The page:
Amazon Plans Large-Screen Kindle To Reignite Newspaper Business - InformationWeek
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5/4/2009
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Amazon Plans Large-Screen Kindle To Reignite Newspaper Business

The device's screen will be about the size of a standard sheet of paper, large enough for newspaper and magazine publishers to maintain their traditional format for articles and advertising.

Amazon's Kindle 2
(click image for larger view)
Amazon's Kindle 2
Amazon.com could introduce this week a large-screen Kindle made for displaying newspapers and magazines, a move meant to help the publishing industry attract paying subscribers lured by free content on the Internet.

The online retailer could introduce the device as early as this week, The New York Times reported, quoting people familiar with Amazon's plans. Amazon has reportedly scheduled a Wednesday news conference in New York, but has not given a reason for the gathering.

However, The Wall Street Journal reported later Monday that the new version of the Kindle is also designed for academic textbook publishers. The newspaper said Case Western Reserve University in Cleveland would hand out the device to some freshmen with textbooks for chemistry and computer science preinstalled. The experiment will test the experience of using the Kindle versus traditional textbooks.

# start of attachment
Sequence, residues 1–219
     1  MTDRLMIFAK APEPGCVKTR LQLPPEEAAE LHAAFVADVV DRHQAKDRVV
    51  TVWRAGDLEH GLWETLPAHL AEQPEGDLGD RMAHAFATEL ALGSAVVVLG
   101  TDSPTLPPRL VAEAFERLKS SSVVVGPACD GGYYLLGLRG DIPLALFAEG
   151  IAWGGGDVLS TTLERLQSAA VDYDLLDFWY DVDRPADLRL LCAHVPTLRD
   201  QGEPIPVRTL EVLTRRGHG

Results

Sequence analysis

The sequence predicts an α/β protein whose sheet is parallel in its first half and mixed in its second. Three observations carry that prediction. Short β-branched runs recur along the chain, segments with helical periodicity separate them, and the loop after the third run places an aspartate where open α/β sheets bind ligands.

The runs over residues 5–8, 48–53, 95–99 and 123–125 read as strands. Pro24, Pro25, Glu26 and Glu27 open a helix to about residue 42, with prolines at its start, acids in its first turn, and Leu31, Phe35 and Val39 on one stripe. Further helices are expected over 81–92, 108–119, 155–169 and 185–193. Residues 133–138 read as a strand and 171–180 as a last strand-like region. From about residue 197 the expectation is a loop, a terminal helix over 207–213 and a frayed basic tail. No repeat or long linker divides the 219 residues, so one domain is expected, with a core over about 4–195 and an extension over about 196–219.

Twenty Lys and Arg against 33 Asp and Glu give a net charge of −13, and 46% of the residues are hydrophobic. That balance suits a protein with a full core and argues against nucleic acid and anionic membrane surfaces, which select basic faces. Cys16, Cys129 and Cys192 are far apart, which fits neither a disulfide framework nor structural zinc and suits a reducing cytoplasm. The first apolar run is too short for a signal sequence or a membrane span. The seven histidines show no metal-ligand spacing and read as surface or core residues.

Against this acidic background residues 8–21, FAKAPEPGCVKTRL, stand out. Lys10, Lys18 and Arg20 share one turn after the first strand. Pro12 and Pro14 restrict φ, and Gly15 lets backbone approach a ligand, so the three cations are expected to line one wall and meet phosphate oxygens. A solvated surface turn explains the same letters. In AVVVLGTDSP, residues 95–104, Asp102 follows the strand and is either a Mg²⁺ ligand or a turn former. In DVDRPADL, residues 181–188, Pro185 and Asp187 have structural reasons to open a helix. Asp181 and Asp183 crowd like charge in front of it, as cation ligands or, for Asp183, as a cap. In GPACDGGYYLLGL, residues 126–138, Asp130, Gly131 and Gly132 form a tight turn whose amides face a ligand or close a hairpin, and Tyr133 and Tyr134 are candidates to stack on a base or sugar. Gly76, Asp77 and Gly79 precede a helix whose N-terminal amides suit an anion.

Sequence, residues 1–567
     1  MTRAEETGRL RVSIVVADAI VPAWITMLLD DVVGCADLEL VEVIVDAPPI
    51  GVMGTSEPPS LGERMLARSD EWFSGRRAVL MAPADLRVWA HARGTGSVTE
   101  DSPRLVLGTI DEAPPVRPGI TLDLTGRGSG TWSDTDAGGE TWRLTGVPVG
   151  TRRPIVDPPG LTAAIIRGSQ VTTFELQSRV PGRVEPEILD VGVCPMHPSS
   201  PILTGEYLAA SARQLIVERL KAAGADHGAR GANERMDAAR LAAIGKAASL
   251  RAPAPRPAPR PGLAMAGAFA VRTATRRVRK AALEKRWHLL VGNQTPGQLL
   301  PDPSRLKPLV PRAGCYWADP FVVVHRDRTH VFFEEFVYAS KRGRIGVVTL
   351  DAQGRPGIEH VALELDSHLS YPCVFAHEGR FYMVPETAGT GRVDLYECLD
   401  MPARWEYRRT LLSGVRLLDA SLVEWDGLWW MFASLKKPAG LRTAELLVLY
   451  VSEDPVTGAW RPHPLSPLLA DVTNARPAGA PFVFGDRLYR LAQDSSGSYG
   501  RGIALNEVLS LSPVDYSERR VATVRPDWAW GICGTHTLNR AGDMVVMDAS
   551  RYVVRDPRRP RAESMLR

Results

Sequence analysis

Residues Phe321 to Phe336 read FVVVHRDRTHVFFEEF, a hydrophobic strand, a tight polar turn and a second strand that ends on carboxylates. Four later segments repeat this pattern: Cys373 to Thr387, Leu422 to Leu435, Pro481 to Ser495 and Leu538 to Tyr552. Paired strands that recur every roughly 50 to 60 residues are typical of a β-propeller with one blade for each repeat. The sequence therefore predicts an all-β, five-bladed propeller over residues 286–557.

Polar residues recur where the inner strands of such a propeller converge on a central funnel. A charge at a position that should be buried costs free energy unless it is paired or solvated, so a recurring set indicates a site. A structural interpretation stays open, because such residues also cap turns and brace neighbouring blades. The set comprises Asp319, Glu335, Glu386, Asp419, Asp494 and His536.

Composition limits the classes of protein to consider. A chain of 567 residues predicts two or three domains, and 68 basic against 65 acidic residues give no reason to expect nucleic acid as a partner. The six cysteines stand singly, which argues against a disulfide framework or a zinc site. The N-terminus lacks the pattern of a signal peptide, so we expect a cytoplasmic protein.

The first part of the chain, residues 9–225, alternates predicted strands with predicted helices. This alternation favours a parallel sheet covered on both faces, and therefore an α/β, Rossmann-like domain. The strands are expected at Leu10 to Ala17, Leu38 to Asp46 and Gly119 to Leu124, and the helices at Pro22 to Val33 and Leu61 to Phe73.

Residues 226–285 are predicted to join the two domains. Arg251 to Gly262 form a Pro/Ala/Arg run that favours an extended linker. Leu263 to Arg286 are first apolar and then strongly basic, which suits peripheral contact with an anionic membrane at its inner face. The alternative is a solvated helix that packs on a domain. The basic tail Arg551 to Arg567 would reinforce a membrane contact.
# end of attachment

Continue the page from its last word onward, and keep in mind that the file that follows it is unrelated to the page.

Pace University, Princeton University, Reed College, Darden School at the University of Virginia, and Arizona State University are also involved in the project, according to the newspaper. However, how the schools are involved was not described.

The device is expected to have a screen that's roughly the size of a standard sheet of paper, which would be large enough for newspaper and magazine publishers to maintain their traditional format for articles and advertising. The attraction of such a device would be in supporting publishers' business model of selling subscriptions and ads.

Amazon was not immediately available for comment Monday.

The current Kindle has a 6-inch-diagonal screen made for reading books. However, Amazon also offers dozens of newspapers and magazines for the device, which sells for $359. Content downloads, which are only available through Amazon, are done through a wireless connection that comes with the device at no additional charge.

If Amazon unveils the jumbo Kindle, than the company will join News Corp. and magazine publisher Hearst, which are also planning to release such devices. In addition, startup Plastic Logic is expected to start making electronic newspaper readers by the end of the year.

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